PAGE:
We tend to think of union with Brahman as a result of jnana, of being a perfect jnani. And this is so, certainly, otherwise Adi Shankaracharya would not have written so much on the subject of jnana. But perhaps we mistake bhakti–devotion–for something much less. As Swami Sivananda was wont to comment: “emotion is not devotion.” Bhakti means dedication, a strong affinity for something–so strong that it brings us to the object of our devotion, or brings it to us. (Usually it is a combination of both.)
Sri Ramakrishna is unique among India’s spiritual teachers for many reasons, but one of the most remarkable is his ability to make clear in a sentence what others would take a multitude of words to make only slightly more comprehensible. Whenever he prefaced something with the words: “Do you know what it is like?…” a gem of astounding wisdom would follow–and so simple that anyone could understand easily. He formulated a whole system of spiritual life that is unequaled for its simplicity and profundity. He defined bhakti and jnana in a sentence apiece. Here they are:
“Jnana is knowing ‘The world is unreal; Brahman alone is real.’”
“Bhakti is feeling: ‘God is the Master and I am the servant.’”
Obviously a sensible person ascribes to both propositions. Only the accomplished yogi is really a jnani or a bhakta. Consequently Krishna says:
Absorbed in Brahman, with Self serene, he grieves not nor desires, the same to all beings, he attains supreme devotion unto me (18:54).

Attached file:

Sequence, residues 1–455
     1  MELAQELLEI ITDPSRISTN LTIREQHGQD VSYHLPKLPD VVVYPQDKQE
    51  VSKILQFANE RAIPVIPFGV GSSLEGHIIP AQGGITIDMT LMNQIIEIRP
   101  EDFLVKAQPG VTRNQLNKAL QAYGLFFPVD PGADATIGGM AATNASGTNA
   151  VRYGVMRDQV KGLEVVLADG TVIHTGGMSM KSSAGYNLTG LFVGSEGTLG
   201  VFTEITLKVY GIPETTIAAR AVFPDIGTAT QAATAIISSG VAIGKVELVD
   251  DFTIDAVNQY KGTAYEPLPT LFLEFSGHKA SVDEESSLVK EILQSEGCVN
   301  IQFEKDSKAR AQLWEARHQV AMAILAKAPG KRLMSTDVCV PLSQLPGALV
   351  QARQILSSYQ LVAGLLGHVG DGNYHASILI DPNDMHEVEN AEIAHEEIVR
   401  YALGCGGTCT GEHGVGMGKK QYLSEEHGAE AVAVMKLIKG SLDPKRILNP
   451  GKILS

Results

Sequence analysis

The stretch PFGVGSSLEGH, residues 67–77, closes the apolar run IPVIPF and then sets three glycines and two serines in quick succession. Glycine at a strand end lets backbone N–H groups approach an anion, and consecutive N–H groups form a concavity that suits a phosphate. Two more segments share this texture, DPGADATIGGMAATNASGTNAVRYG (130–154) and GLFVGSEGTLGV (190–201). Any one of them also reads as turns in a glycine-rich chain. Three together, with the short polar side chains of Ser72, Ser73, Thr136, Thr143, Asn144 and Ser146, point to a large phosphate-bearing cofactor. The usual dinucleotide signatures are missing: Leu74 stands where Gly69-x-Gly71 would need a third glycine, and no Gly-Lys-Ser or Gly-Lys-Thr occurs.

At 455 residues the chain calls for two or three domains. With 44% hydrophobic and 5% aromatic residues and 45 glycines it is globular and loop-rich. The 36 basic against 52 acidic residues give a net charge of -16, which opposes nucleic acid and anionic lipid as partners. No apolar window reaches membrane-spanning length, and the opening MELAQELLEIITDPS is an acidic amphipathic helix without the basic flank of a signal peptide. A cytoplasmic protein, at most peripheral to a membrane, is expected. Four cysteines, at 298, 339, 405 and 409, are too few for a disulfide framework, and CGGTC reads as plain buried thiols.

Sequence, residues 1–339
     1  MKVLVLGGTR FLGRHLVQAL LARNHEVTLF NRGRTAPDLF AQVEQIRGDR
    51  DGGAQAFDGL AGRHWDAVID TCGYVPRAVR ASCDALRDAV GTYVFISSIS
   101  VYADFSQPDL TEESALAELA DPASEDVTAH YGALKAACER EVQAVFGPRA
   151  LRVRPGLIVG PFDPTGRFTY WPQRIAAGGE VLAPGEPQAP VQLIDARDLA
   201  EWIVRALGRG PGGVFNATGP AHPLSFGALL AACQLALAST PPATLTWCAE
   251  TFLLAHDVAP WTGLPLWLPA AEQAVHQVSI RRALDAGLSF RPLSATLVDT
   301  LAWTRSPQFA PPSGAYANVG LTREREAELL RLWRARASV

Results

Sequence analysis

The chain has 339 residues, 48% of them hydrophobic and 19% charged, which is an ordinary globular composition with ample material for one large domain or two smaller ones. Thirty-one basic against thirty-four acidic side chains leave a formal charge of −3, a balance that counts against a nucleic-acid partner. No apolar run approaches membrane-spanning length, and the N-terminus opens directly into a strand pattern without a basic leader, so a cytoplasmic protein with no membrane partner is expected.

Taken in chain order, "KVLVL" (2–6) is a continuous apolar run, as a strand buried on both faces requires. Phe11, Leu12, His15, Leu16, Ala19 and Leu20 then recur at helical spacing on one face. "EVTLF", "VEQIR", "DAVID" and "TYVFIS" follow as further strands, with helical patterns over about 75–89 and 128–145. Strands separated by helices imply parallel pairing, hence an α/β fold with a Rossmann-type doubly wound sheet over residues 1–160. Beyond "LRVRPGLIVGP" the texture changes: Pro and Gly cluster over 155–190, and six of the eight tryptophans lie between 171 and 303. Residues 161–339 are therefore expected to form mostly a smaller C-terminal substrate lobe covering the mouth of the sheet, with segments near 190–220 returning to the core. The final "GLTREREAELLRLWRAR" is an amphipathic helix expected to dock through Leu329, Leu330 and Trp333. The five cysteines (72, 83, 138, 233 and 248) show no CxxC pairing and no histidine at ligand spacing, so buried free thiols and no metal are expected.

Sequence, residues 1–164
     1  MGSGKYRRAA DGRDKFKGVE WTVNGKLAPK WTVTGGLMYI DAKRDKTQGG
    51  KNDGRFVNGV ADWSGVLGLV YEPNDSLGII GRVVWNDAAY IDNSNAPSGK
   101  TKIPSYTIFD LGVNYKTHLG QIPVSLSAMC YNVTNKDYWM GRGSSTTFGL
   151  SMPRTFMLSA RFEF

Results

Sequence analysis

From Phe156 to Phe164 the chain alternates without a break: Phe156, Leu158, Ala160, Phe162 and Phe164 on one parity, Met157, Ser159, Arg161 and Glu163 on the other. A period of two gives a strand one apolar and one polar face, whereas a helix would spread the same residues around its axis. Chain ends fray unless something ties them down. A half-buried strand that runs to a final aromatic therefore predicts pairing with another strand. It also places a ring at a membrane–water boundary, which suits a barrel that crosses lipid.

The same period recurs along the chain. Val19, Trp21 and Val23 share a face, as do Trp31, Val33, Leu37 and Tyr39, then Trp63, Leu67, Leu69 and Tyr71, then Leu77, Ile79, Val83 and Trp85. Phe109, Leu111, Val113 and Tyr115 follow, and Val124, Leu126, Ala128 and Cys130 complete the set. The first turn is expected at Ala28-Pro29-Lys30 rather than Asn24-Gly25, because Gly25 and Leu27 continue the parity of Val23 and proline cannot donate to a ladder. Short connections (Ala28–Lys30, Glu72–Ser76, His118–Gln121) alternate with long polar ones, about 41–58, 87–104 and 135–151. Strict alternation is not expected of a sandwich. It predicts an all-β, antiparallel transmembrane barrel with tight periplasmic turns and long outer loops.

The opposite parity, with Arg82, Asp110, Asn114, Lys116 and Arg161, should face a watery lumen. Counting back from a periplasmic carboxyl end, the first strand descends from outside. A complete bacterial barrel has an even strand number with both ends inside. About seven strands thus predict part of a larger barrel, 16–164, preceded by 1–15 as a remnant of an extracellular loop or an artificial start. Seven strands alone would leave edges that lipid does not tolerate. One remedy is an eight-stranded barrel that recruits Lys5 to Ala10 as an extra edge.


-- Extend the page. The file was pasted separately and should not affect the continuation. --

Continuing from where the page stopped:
Well, there we have it. Bhakti and Brahmajnana are inseparable. Actually bhakti is the fruit of realization. Yet bhakti is both cause and effect, for he continues:
By devotion to me he comes to know how great I am in truth, then having known me in truth, he forthwith enters into me (18:55).
Literally, part of this verse says: “He comes to realize how great and Who I am.” It also equally means: “He comes to realize the extent of my Being”–the infinity of God. Having known this in truth–not just in theory or “on faith”–such a one straightaway enters Brahman.
Doing all actions, always taking refuge in me, by my grace he attains the eternal, immutable state [abode] (18:56).
Madvyapashrayah literally means both “trusting in me” and “taking refuge in me.” This is a natural result of those who have understood that their seemingly separate existence independent of God is an illusion, that God is in very truth their All in All. Thus he becomes their “eternal, imperishable abode,” and they themselves are revealed as eternal and imperishable.
Now for some practical instructions:
Reaching the Eternal Abode
Mentally renouncing all actions in me, holding me as the highest goal, resorting to buddhi-yoga, constantly fix your mind on me (18:57).